5. Toilet Paper Rolls.  Yep, I said it!  And we all use toilet paper, so we all have rolls!  Each roll will get you two seedling pots, so this is a great way to re-use something that would normally just be tossed in the trash.  Similar to the newspaper pots, you would just throw these in your compost pile once you’ve transplanted your seedlings.  Here’s a quick “how to” on creating these.

In addition to these options, many garden supply stores will carry pre-made biodegradable seedling pots which can usually just be planted directly into your garden soil once you move your seedlings outdoors.  Whether you chose to use a plastic seed planter, one of the “around the house” options above, or store-bought seedling containers, the important thing is to re-use, reduce, and recycle.  Oh, and have fun!

Connect with Jerry via his blog and Facebook page: Grow Like Crazy

About Jerry Greenfield:

Jerry Greenfield

My number one focus is growing my own food. I don’t think that really counts as a hobby. For some people it is, but for me, growing my own fruits and vegetables and saving my own seed is the key to survival. The only person you can count on is yourself, if you ask me. The government is trying to “help” us all with GMOs and welfare, but it’s all a crock. I also like to build things and read Transcendentalist authors from the 1860s.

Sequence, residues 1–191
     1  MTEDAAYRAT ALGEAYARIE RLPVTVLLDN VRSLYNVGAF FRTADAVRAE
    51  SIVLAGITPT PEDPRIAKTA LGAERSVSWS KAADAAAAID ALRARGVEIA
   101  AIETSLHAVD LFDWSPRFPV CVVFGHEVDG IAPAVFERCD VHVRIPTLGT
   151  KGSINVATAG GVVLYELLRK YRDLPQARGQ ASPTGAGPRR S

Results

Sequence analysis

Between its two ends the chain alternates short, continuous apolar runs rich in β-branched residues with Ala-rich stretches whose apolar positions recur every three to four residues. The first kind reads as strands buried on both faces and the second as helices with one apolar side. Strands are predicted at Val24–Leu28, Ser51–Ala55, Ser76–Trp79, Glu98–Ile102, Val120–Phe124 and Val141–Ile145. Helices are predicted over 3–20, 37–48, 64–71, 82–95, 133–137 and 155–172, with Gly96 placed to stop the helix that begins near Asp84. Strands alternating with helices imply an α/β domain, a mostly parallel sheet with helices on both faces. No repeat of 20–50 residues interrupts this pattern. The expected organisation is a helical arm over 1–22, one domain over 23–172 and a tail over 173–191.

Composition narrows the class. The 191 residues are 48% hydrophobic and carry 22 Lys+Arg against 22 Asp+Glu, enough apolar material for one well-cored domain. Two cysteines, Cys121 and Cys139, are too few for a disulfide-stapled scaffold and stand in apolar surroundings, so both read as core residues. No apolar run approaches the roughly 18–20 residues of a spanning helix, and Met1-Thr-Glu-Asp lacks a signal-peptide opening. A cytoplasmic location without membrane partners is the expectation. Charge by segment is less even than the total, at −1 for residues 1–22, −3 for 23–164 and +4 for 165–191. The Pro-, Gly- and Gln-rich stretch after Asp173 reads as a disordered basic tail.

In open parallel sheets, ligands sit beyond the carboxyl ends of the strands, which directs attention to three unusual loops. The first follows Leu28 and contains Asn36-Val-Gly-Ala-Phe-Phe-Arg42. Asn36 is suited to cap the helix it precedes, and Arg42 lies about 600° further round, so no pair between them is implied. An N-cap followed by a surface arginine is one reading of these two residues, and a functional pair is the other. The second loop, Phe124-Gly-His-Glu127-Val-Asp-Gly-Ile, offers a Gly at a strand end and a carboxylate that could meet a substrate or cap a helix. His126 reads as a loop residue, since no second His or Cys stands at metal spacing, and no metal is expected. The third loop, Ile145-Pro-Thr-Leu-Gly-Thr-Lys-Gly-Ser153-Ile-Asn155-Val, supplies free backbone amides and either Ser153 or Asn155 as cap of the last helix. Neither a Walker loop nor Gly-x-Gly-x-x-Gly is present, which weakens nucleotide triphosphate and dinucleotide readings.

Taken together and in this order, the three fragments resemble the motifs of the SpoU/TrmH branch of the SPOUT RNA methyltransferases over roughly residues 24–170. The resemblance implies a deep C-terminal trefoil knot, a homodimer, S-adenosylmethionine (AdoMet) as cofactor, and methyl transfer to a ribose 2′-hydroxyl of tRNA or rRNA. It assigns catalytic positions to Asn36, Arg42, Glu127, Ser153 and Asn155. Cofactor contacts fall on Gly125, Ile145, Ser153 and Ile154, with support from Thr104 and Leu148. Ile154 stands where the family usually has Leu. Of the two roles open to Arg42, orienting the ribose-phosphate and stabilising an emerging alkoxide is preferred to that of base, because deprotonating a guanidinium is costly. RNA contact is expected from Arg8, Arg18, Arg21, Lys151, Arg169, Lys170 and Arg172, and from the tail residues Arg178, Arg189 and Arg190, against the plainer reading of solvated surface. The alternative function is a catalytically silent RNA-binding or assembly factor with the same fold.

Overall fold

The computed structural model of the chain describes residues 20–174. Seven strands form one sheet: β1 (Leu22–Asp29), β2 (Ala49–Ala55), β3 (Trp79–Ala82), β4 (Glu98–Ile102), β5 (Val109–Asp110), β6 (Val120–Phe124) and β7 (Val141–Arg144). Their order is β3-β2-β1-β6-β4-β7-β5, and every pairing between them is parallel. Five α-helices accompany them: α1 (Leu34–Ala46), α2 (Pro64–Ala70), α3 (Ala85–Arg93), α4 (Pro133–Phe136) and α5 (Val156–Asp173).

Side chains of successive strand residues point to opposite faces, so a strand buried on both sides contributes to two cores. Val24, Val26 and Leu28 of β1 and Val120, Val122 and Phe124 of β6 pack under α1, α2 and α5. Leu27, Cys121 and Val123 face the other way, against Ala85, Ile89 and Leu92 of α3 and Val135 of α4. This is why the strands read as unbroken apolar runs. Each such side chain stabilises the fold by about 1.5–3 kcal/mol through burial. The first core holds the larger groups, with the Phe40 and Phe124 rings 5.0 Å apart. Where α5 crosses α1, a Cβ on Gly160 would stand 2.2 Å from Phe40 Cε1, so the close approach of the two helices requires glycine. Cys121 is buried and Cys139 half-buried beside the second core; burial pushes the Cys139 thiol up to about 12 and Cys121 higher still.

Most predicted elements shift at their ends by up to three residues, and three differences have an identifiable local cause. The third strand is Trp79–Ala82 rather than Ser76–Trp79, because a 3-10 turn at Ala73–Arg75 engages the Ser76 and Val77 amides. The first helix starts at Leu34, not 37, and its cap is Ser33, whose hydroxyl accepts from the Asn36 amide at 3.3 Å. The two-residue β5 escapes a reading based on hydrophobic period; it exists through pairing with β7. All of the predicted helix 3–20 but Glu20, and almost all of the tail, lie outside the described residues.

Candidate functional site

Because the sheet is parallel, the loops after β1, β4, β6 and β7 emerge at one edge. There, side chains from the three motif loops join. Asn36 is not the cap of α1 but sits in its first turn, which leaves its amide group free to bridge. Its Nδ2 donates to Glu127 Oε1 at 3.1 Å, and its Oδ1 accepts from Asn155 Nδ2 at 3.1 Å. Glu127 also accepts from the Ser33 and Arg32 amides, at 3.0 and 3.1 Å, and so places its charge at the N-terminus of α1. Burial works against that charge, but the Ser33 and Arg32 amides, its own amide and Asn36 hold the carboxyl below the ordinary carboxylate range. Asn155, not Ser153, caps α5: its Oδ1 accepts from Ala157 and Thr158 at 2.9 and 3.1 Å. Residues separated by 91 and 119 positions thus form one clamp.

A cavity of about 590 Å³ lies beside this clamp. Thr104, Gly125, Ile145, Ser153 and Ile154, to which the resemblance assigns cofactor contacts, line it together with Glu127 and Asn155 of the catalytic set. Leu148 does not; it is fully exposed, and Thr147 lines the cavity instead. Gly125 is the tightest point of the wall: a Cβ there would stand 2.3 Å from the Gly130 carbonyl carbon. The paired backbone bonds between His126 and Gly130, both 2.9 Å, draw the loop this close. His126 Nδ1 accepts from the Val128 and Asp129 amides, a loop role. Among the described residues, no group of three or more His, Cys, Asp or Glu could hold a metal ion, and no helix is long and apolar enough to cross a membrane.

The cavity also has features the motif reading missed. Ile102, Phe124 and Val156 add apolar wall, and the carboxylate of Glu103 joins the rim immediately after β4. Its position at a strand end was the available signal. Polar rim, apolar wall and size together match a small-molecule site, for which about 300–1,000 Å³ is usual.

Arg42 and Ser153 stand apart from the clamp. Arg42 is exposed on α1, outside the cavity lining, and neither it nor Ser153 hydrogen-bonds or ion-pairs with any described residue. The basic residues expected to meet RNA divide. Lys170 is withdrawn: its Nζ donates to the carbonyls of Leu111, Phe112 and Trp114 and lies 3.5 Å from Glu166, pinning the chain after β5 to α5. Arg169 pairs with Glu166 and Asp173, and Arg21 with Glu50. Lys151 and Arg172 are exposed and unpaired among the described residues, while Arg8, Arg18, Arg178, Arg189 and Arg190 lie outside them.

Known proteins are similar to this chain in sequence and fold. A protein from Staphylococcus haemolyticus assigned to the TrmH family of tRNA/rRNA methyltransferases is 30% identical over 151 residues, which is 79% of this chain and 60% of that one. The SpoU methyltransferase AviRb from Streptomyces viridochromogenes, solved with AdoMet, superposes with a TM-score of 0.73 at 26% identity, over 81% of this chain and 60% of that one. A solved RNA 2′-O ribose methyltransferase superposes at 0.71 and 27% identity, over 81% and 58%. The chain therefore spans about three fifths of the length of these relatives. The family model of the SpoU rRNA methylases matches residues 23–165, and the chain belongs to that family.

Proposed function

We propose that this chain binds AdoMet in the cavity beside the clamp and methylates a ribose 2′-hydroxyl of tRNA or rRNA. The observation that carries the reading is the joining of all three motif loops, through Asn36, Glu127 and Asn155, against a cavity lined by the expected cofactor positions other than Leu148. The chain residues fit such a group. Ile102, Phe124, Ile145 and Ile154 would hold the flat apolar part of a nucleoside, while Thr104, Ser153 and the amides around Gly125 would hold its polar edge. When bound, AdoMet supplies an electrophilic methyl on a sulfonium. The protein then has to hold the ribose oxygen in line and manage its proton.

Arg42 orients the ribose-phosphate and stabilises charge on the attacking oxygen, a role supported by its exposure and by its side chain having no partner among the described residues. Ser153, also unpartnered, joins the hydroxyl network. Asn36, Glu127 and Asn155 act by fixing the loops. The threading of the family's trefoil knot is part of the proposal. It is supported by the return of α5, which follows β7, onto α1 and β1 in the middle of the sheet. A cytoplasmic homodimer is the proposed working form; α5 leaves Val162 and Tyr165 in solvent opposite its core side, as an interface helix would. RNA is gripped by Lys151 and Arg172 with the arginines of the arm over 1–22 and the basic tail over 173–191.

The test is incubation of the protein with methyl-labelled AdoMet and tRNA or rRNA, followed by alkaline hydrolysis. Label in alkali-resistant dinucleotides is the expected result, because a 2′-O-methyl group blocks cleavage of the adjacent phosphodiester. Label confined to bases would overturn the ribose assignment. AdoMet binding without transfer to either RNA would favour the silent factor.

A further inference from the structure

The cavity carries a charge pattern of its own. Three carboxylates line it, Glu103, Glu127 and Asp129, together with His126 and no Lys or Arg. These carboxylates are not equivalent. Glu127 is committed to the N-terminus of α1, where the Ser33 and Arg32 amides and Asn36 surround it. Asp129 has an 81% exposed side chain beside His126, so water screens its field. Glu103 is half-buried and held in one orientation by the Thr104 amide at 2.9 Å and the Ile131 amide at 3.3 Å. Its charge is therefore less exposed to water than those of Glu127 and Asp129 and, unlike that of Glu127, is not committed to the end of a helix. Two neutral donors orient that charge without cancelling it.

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Starting Garden Seeds Indoors

February 10th, 2011

 

For many gardeners, February is the perfect time to start seeds indoors 2-3 months before your average date of final frost. If your region’s average final frost date is the end of March then February is a great time to get started so your seedlings will have a good 6-8 weeks to prepare for their new home in your garden.

Starting seeds indoors is easy, and you do not need expensive supplies to get a head start on spring gardening. Supplies include: containers that are 2-3 wide and 2-3 inches deep, like a plastic 40 count tray; loose textured potting mix that has soil, vermiculite or perlite and sphagnum peat moss; seeds; popsicle sticks, a waterproof pen; clear plastic bags large enough to go around your container(s); a 15-15-15 soluble fertilizer; and snail bait.

Here’s how to sow spring garden seeds (such as broccoli, cabbage, cucumber, eggplant, head lettuce, onion, peppers, squash, and tomatoes) indoors:

1. Fill your container with pre-moistened potting mix then level the soil. To moisten soil, simply put potting mix in a large bag and get it wet until it’s just moist.

2. Sow 1-2 seeds in each tray cell. Gently press the seeds into the soil then add a little bit of soil to the top, to cover seeds.

3. Mark your seedling trays by using your waterproof marker on the popsicle sticks, noting the date you planted and variety of seeds.